Sovereignty plays a role in many contexts, from religion to political philosophy to law. In law, it is used in the context of constitutional law and international law first and foremost. Particularly in constitutional law, it is often linked to legitimacy, with some scholars arguing that to sever the link between the two is conceptually wrong; that there is a necessary conceptual link between sovereignty and legitimacy. In this contribution, it is argued that the concept of sovereignty is too vague to support such a strong claim. Instead, it depends on which conception of sovereignty one presupposes. To demonstrate this, the author analyses three conceptions of sovereignty in constitutional law and their link to legitimacy: first, the Austinian conception of sovereignty as a social fact (in the sense of habitual obedience by a population of someone not in the habit of habitually obeying another entity); secondly, sovereignty as a legal status attached to an entity by law; and thirdly, sovereignty – in particular popular sovereignty – as an ideal or principle in law. In how far do these different conceptions of sovereignty have a legitimizing function? These analyses do not suggest that there can be no link between sovereignty and legitimacy, but that this link is not a necessary, conceptual one. The contribution closes with a plea for more specificity and transparency in the use of the term sovereignty.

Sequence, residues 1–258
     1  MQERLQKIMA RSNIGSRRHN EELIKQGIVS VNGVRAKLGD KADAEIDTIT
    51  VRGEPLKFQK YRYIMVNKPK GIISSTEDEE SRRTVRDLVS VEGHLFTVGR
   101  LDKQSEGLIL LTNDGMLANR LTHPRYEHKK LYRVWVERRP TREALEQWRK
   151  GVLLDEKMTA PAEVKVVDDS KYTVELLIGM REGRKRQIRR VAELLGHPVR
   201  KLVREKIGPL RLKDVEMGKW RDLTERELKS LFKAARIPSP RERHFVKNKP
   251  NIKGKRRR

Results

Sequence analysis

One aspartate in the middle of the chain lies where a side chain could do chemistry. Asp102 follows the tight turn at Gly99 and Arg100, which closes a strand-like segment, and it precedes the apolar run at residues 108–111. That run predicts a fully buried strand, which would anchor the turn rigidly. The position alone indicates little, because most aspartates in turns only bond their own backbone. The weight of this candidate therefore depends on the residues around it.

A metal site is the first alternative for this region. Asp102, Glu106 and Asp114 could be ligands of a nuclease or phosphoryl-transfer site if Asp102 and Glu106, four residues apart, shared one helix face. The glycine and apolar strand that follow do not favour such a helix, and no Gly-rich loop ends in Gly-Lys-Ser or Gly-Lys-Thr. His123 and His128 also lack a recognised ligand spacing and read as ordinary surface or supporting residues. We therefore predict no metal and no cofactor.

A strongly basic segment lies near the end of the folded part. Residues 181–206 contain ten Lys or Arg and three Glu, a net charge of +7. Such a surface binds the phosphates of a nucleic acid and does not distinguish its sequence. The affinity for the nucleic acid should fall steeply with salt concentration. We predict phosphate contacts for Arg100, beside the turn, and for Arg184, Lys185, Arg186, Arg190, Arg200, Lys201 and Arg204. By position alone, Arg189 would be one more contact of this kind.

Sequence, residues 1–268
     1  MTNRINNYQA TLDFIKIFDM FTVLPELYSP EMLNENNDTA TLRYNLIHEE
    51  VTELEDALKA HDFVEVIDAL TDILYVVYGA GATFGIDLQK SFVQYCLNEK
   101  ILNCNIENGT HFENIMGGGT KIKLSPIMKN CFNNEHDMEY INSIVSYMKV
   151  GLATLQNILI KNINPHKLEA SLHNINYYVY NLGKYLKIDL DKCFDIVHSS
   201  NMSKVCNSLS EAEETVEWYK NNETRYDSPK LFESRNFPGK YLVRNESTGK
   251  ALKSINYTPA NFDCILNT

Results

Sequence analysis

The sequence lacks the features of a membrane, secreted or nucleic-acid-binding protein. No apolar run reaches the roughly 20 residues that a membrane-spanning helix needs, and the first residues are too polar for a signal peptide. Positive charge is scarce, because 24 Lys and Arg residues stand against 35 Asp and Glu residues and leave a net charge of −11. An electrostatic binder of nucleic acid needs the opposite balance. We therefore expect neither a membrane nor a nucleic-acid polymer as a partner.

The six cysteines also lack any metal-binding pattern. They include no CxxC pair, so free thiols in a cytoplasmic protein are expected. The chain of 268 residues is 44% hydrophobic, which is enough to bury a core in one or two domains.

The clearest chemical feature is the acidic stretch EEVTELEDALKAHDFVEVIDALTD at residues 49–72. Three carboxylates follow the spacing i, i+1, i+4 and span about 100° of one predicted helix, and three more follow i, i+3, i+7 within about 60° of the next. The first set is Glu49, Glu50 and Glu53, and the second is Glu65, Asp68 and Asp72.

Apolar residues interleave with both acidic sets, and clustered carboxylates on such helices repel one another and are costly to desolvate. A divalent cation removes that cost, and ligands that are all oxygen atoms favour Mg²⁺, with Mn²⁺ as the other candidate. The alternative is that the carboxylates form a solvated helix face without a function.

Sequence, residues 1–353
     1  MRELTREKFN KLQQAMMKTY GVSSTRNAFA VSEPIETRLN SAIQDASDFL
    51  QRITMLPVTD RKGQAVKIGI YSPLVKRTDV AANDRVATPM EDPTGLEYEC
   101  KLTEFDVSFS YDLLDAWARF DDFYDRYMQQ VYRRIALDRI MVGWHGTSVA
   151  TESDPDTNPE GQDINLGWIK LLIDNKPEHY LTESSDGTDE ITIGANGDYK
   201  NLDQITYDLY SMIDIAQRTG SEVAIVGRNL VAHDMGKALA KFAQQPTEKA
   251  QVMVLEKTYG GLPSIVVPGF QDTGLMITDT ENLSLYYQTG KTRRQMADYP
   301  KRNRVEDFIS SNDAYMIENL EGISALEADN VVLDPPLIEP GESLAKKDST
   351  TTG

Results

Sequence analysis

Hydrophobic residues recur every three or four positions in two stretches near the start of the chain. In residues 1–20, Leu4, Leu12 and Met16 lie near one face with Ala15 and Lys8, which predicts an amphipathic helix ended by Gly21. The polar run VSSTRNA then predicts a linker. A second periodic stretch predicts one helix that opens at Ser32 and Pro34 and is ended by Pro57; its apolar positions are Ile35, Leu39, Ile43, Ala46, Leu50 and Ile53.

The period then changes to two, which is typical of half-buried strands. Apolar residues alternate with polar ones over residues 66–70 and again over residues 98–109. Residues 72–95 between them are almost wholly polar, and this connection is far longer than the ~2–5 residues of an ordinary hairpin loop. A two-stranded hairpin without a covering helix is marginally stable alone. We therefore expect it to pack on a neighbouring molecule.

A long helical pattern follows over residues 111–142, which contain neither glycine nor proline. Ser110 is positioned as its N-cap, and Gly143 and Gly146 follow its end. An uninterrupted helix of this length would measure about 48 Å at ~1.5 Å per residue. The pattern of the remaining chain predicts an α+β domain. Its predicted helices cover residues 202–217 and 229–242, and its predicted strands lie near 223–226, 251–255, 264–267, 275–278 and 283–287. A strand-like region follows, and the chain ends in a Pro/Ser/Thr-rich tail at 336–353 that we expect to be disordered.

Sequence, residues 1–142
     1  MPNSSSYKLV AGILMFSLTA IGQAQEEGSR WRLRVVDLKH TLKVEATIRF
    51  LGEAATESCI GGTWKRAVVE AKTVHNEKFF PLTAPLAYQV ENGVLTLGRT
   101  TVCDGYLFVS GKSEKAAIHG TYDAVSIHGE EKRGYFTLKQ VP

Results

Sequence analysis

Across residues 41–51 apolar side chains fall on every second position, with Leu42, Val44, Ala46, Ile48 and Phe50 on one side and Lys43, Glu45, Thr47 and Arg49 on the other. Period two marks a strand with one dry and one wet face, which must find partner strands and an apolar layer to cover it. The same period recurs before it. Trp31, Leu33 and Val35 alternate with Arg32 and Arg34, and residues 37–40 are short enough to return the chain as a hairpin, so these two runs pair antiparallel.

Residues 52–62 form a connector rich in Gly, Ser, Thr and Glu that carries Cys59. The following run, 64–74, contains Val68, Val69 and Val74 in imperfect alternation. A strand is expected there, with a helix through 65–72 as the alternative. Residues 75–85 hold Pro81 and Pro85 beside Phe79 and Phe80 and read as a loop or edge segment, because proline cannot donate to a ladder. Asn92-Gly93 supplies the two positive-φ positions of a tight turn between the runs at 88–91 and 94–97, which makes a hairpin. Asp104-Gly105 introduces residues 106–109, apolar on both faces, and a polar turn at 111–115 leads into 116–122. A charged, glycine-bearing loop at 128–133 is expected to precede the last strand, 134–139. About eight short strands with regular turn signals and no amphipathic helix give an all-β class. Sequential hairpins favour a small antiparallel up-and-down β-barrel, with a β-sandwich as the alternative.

|Title of host publication||Sovereignty as Value|
|Editors||Andre Santos Campos, Susana Cadilha|
|Place of Publication||Lanham/Boulder/New York/London|
|Publisher||Rowman & Littlefield International|
|Publication status||Published - Mar 2021|